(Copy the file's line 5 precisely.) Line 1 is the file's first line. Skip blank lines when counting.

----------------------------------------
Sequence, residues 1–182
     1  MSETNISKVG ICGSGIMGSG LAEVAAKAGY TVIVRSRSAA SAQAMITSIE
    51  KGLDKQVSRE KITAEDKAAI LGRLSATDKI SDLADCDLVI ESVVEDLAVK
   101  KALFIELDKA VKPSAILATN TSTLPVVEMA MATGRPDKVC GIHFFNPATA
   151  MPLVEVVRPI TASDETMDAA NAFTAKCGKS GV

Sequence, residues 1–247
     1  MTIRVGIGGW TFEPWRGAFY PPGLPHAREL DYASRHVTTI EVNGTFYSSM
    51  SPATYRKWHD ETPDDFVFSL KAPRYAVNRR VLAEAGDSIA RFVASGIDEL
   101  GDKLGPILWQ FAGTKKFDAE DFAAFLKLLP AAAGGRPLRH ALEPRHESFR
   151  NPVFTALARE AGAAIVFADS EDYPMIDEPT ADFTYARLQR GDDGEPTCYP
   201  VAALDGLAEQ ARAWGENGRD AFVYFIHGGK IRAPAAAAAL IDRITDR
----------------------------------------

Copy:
   151  MPLVEVVRPI TASDETMDAA NAFTAKCGKS GV